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Published on Jan 29, 2009
Terrafugia Readies For Flight Tests
The stories are legion... the 'roadable plane' the vehicle that would cross over a number of barriers to offer the ultimate in transportation versatility. And that' just some talented engineers from MIT are working on... the 21st century version of the 1960s "Aero Car."
Introduced at Oshkosh 2008, a group of award-winning MIT Aeronautical Engineers introduced a proof of concept version of what they hope will expand the general aviation market and bring more flexibility to flying. The Terrafugia management team credits the creation of the Light Sport category of aircraft as the catalyst to being able to develop a buildable and marketable LSA, capable of both flying and driving.
Unlike other historic attempts at developing a "flying car", the Transition's transformation from aircraft to car is fully automated and takes an estimated 15 seconds to fold the wings and reconfigure from an aircraft to a car. The company has a US patent pending on the folding wing technology, and from a business perspective, sees many of the technological achievements as alternative revenue sources to fund company growth and financial stability.
At Oshkosh, Terrafugia President Dr. Carl Dietrich shared what MIT scientists believe are fundamental obstacles to increasing the GA market and the benefits that a roadable aircraft has in response. The first obstacle presented is weather. The Transition would allow the LSA pilot to use the road configuration during IFR conditions. Dietrich says this improves safety, by providing an alternative option to "pushing it" in marginal VFR.
Another obstacle Dietrich cited is cost. The Transition is spec'd with a 20 gallon tank designed to achieve 4-5 gallons per hour fuel economy in flight configuration. It can be powered with either super-unleaded gasoline or 100LL, and most notably would not require a hangar or tie-down space at an airport. The Transition could be driven home and parked in the garage.
The third issue mentioned was mobility once arriving at an airport. The theory is the remote nature of most GA airports presents some inconvenience and the ability to drive to an off airport destination would appeal to many GA aircraft users.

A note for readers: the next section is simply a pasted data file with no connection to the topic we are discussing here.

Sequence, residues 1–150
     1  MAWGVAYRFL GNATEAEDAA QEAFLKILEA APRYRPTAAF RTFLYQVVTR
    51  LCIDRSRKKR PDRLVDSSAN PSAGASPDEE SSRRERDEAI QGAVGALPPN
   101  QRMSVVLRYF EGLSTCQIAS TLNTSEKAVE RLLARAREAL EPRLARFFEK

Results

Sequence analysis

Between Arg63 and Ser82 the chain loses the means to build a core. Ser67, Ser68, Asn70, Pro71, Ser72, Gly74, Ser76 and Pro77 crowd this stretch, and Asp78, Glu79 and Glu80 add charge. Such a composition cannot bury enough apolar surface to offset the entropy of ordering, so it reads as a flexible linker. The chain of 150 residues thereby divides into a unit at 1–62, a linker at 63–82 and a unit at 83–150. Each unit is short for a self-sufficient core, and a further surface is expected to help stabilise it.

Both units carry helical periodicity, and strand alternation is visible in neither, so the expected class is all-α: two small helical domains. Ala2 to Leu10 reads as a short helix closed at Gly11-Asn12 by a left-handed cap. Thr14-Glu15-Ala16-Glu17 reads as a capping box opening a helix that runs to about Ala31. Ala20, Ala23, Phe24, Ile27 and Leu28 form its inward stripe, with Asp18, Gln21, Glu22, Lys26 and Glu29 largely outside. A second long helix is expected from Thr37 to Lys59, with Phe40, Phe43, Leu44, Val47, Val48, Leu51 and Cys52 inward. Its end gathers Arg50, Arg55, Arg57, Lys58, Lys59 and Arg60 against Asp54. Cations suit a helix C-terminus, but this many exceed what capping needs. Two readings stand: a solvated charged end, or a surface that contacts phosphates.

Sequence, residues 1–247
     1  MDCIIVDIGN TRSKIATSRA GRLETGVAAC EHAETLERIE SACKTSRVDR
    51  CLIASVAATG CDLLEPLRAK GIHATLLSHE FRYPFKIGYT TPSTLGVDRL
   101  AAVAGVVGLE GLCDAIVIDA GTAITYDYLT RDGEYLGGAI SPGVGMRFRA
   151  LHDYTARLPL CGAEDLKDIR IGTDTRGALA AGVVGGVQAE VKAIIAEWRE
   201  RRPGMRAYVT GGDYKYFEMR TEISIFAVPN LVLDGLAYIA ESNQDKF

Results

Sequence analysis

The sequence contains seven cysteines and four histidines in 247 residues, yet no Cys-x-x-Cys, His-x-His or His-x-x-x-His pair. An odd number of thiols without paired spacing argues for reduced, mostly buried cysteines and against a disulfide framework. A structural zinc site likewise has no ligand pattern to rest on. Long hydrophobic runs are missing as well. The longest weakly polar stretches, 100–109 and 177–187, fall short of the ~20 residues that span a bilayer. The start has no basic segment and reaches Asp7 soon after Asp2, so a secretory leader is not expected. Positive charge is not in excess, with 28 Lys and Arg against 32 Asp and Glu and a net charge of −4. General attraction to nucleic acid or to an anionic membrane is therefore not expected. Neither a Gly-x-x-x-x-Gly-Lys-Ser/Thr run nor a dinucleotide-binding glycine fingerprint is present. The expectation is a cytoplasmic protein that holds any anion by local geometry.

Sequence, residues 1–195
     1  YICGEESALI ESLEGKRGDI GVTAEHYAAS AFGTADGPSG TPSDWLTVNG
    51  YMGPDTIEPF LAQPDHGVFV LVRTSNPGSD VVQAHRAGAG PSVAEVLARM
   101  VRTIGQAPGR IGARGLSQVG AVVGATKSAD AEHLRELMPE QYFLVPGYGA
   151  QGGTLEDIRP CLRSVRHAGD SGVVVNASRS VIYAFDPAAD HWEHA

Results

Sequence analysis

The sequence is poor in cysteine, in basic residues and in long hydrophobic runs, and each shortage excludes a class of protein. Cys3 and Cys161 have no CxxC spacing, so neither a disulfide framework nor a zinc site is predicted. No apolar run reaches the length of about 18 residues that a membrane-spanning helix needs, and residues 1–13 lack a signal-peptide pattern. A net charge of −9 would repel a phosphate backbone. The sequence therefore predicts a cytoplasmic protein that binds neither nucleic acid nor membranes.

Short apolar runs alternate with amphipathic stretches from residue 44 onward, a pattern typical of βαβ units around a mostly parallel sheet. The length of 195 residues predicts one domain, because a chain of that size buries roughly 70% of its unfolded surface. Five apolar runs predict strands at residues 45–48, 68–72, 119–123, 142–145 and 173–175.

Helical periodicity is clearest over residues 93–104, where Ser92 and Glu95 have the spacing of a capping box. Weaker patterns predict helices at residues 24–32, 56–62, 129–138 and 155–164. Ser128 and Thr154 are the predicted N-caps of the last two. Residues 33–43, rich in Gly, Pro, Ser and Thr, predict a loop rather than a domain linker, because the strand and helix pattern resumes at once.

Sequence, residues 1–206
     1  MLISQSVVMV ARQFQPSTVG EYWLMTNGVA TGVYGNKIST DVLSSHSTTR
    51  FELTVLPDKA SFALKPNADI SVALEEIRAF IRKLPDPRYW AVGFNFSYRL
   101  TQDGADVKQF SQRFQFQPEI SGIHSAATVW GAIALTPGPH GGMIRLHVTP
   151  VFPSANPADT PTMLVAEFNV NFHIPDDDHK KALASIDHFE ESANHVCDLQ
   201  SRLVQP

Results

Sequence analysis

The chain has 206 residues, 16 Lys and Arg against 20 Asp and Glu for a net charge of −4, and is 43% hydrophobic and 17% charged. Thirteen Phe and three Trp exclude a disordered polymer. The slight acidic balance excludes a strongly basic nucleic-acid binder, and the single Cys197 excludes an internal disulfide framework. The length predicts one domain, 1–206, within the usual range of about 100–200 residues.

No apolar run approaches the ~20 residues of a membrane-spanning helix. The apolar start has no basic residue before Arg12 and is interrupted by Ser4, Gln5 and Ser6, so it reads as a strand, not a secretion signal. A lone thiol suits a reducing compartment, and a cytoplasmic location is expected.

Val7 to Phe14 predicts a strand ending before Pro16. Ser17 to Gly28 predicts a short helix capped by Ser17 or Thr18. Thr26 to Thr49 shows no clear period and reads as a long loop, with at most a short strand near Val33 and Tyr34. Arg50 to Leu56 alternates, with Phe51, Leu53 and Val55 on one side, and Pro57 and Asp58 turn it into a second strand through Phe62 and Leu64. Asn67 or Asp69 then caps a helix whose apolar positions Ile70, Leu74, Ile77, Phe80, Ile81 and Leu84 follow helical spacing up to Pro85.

The interior cabin is equipped with two seats and has both a fixed wheel, for driving, and a left handed stick typical in most LSAs. The stick can be mounted to the floor in driving configuration. The Transition is carbon fiber construction powered by a Rotax 112S. Based on an estimated empty weight of 890 lbs, the aircraft would have an approximately payload of 430 pounds with a range of 400 nm and a cruise speed of 100 kts.
In addition to FAA certification, the Transition must also pass roadway safety standards mandated by the National Highway Transportation and Safety Administration (NHTSA), explained Gregor Cadman, one of Terrafugia's engineers. "The Transition will include things like airbags, safety glass, and a must undergo a crash test" said Cadman. "FAA is used to looking at new aircraft concepts; we can't say the same for NHTSA. They're used to talking with the likes of Ford and GM. These features do add some weight."
The design has been extensively tested in simulation and the MIT wind-tunnel. The proof of concept aircraft will undergo further refinement in the Boston area and is projected by Terrafugia to be road tested in the Fall 2008 and take its first flight Late 2008. If all goes as planned, the first delivery would occur as early as Late 2009.
They anticipate the purchase price to be in the range of $194,000 and are accepting deposits of $10,000.